Thornburg Mortgage Inc. is moving from buying mortgage securities to actually making mortgage loans.

The $4.5 billion-asset real estate investment trust started a correspondent lending program this year and plans to lend directly to consumers -- though selectively, in keeping with its policy of investing only in assets with the highest credit quality.

"From mid-1993 to mid-1997 we didn't find much opportunity in the loan sector," said Larry A. Goldstone, president and chief operating officer of the REIT in Santa Fe, N.M. But two years ago mortgage securities became "expensive relative to loans," he said, and Thornburg, seeing "an opportunity on the loan side," began buying bulk packages of loans.

Mr. Goldstone estimated that Thornburg has bought about $1.5 billion of loans, mostly from Merrill Lynch Credit Corp., since 1997.

Thornburg pools the loans it buys into securities, which it retains. By securitizing mortgages, it creates Aaa-rated assets, which are easier to trade and hence cheaper to finance than an unrated batch of loans.

In June, Thornburg kicked off its correspondent lending program, buying mortgage from banks and thrifts -- including FleetBoston and Dime Bancorp -- as the loans are closed. So far its production through this channel has been minuscule -- only $19 million through September -- but Mr. Goldstone said Thornburg's 20 correspondents have the potential to deliver $150 million a month.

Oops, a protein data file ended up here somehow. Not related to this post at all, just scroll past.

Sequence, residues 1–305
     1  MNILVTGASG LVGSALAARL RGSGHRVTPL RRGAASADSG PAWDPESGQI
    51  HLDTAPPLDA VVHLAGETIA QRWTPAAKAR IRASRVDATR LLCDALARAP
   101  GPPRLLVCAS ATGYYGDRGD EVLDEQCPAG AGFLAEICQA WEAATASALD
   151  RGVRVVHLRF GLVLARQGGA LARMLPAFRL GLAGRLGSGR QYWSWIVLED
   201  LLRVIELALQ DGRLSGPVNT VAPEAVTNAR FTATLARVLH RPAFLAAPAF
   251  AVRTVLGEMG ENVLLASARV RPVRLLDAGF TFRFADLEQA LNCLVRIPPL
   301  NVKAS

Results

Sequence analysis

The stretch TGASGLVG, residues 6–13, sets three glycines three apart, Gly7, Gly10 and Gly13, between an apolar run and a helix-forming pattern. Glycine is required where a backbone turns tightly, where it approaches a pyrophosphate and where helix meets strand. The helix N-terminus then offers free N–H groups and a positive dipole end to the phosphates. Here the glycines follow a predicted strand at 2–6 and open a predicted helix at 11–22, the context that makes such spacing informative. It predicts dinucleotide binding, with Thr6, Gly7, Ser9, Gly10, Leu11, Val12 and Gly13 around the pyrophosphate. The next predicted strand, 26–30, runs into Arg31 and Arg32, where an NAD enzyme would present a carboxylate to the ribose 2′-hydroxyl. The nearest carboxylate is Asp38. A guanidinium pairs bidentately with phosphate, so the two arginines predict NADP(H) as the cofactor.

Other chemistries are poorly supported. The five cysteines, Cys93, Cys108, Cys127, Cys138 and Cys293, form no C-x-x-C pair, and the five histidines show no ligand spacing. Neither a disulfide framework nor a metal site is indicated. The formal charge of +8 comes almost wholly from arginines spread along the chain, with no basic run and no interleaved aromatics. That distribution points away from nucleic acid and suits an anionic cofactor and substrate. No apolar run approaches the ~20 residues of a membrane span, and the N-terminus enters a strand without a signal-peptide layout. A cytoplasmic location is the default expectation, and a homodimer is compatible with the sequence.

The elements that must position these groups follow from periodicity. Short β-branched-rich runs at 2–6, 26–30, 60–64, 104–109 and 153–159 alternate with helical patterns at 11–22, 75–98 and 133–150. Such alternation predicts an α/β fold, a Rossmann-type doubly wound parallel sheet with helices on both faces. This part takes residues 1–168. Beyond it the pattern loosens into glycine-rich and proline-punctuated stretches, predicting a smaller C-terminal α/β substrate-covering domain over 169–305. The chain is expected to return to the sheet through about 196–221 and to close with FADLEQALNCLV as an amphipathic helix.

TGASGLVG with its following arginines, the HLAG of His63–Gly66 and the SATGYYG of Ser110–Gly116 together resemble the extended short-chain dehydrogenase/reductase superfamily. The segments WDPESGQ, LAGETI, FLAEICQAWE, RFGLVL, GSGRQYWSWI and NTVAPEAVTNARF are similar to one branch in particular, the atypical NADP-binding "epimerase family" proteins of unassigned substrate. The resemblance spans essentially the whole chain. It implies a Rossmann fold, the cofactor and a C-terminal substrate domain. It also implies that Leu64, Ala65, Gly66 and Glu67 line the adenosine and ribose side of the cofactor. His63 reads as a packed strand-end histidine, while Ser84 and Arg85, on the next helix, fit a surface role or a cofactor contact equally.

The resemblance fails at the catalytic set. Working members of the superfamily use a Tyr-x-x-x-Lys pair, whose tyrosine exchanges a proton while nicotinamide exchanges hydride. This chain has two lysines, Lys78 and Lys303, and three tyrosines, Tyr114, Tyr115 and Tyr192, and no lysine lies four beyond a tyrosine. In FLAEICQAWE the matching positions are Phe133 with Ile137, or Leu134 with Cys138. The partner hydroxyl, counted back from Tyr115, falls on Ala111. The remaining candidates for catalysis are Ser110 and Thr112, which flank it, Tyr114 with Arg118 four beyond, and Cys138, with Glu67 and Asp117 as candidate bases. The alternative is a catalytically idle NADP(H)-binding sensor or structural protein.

Rising interest rates this year have hurt most mortgage bankers' profits. But Thornburg only buys adjustable-rate mortgages, which have become more in demand as homebuyers have become less apt to lock themselves into a fixed rate.

The trust focuses on adjustable-rate loans to protect itself from the possibility that interest rates will skyrocket. Its appetite for such mortgages has dovetailed with mortgage bankers' need to find buyers in this environment, Mr. Goldstone said.

Surprisingly, Thornburg securitizes 70% of its correspondent production through Fannie Mae. Why sell loans to Thornburg and not directly to one of the secondary market companies? Because Thornburg takes on the so-called pipeline risk -- the danger that interest rates will rise before a lender sells a bundle of loans in the secondary market, forcing the lender to sell at a discount.

"We're hedging their pipeline for them," Mr. Goldstone said. Thornburg's correspondents retain the servicing rights, making the REIT one of few sellers of loans to Fannie Mae that does not also service them.

Thornburg's next step is to build a direct-to-consumer channel, which would make loans through direct mail, telemarketing, and the Internet. Thornburg would target people with whom it already has a relationship, such as mutual fund shareholders of its Thornburg Investment Management affiliate. "We're not going to blanket the country with billboards or radio and TV ads," Mr. Goldstone said. He added that the REIT plans to contract out the origination capabilities of established lenders.

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